Growing up in Spokane, Rose has strong ties to the lands of the Inland Northwest and returned to the area after studying and working in western Washington. She earned her BA in Geography from Western Washington University.
Prior to her work with the Conservancy, she was the Stewardship Associate for Whatcom Land Trust in Bellingham, Washington, where she monitored lands, designed restoration projects, and engaged volunteers on the land. Before her work with the land trust community, Rose worked with the NW Region Department of Natural Resources to build trails, do restoration work, and fight wildfires.
Philanthropy & Communications Director
Carol joined Inland Northwest Land Conservancy in February 2020. Although she grew up in Pennsylvania less than a mile from the Appalachian Trail, for the last 12 years she has worked in Spokane for REI, most recently as an outdoor programs coordinator for retail operations. She has also served on the Dishman Hills Conservancy board and volunteered with Evergreen East Mountain Bike Alliance.
Carol holds a BA in journalism and photography from Andrews University, and MSEd from Southern Adventist University with an emphasis in experiential, place-based outdoor education. After college she spent a year teaching in Guam.
Carol strives to live an intentional, locally focused life. She is “constantly amazed by the power of the outdoors to transform people” and writes, “I want to help INLC find a very clear, cohesive, and compelling voice in the Spokane community, one that doesn’t just speak to like-minded conservationists, but to the average person.”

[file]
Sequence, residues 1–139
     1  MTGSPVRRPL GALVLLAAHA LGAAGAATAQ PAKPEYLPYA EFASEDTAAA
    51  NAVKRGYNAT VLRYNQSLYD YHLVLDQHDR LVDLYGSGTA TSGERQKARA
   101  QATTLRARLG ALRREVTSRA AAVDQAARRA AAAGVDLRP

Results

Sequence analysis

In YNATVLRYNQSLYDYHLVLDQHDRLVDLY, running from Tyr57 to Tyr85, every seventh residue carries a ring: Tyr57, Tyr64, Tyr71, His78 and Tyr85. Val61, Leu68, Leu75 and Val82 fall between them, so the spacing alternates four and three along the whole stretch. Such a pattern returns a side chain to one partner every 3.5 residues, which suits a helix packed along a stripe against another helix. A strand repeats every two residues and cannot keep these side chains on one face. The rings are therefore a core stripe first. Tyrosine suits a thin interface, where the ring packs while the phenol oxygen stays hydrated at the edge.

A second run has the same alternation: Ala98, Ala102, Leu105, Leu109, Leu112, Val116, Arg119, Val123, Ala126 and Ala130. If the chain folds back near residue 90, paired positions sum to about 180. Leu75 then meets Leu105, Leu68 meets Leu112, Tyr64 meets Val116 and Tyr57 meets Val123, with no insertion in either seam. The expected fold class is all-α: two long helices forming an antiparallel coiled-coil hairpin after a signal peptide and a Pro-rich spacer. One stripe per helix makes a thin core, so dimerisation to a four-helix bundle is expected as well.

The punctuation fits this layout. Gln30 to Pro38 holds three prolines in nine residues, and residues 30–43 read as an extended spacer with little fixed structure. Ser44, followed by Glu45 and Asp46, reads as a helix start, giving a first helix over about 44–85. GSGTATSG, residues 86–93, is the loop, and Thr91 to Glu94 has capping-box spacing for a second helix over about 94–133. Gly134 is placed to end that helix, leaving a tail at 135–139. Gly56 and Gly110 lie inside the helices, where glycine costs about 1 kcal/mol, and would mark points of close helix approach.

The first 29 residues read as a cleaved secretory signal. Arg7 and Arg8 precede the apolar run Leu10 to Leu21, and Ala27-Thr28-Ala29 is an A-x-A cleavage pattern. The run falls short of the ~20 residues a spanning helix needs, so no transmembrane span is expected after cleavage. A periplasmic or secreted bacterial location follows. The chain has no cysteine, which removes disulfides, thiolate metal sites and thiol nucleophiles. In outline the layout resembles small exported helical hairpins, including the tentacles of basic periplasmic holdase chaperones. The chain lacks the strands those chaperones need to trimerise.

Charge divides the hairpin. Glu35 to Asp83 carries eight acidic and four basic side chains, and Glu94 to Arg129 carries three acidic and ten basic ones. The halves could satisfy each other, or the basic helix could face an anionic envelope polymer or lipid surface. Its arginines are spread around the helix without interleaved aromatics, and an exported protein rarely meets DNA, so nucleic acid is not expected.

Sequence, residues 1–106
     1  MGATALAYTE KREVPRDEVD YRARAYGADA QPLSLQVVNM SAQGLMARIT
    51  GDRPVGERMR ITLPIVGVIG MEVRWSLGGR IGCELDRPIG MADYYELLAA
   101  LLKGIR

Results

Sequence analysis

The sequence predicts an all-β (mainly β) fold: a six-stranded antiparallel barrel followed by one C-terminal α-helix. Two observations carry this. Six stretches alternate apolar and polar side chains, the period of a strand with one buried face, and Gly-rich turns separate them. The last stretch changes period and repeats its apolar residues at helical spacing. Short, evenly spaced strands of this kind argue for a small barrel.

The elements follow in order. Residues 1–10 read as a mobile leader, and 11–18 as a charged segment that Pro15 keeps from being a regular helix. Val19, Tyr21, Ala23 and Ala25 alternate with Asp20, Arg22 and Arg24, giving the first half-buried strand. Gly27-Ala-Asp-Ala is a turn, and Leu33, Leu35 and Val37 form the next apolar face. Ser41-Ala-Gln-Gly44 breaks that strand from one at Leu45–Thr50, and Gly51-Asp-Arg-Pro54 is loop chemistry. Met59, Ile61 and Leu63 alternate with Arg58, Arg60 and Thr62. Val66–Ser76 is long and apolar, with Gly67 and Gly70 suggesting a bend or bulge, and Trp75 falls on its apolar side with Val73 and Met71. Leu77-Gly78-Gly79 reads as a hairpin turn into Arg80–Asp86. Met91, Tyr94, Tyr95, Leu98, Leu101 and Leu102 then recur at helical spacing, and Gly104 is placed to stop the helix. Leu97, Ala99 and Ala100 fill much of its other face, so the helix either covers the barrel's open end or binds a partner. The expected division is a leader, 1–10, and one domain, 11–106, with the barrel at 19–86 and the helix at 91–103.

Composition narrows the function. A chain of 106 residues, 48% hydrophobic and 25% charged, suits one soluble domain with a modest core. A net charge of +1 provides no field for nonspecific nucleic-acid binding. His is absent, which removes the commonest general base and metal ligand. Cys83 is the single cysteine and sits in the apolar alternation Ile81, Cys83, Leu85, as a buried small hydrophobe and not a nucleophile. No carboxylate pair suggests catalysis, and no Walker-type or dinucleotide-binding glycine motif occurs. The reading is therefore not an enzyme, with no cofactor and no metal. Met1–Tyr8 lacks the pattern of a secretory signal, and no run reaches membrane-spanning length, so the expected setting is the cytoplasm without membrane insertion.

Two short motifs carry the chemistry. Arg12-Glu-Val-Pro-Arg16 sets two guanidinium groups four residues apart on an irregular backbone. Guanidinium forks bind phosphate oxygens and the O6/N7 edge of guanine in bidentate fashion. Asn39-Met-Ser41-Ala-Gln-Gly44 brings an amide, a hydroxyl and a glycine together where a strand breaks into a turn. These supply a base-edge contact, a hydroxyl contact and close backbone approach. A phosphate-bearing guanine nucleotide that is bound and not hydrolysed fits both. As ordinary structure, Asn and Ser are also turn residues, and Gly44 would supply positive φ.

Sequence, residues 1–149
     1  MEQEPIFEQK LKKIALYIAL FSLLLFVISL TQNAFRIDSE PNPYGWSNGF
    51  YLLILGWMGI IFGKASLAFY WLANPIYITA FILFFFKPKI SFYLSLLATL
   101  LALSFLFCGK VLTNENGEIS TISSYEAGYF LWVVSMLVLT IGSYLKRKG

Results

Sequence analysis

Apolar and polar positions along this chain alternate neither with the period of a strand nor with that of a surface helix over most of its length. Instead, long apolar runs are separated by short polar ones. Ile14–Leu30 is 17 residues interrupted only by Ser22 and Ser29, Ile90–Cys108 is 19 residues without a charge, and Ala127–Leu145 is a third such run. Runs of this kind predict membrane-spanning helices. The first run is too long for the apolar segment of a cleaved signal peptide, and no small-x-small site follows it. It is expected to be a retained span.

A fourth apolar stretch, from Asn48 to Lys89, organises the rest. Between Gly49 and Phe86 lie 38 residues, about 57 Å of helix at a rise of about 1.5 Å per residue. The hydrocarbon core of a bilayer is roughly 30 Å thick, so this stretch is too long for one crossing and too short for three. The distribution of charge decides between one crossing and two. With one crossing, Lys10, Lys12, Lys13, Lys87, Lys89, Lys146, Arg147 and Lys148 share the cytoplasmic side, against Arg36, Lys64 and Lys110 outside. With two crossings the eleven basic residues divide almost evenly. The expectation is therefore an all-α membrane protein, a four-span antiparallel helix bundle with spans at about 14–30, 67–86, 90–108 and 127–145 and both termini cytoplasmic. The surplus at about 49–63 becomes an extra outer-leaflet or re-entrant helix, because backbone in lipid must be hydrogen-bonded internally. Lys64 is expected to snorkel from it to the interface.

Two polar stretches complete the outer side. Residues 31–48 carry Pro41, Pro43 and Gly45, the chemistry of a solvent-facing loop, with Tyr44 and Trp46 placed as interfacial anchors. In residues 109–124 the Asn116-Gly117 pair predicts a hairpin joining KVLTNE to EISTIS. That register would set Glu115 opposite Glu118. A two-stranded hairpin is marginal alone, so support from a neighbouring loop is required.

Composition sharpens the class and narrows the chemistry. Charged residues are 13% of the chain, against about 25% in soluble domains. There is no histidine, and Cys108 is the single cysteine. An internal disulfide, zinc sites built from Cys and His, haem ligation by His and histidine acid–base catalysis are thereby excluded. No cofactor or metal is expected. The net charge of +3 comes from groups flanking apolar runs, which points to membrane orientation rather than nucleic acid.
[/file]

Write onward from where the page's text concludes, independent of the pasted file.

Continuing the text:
Spokane and INLC are a perfect fit for Carol and her son, who live near Dishman Hills. Together, they hike, run, bike, build trails, kayak, climb, camp, snowshoe, and snowboard. In addition, Carol has folded over 5,000 paper cranes. Her favorite local areas are Dishman Hills, Mica Peak, Mt. Spokane, and the Little Spokane River Natural Area.
Community Conservation Program Manager
Todd Dunfield joined Inland Northwest Land Conservancy as the Community Conservation Program Manager in 2018. He is a big trail enthusiast, who can often be found hiking, biking or leading trail maintenance work parties in the greater Spokane area. Todd has a background in higher education and non-profit management having worked at Gonzaga University for over ten years and serving as the executive director of both Spokane Nordic Ski Association and the North Idaho Centennial Trail Foundation.
Todd has served on the board of the Spokane Mountaineers, Friends of the Spokane River Centennial Trail, and Washington Trails Association. He has a BA in History from Gonzaga University and a Master’s in Education from Seattle University. Todd and his family live in the Millwood area east of downtown near the Spokane River. As a family, they often recreate on the Centennial Trail, mountain bike through Beacon Hill and Rock Climb at Minniehaha Rocks.
Land Protection Specialist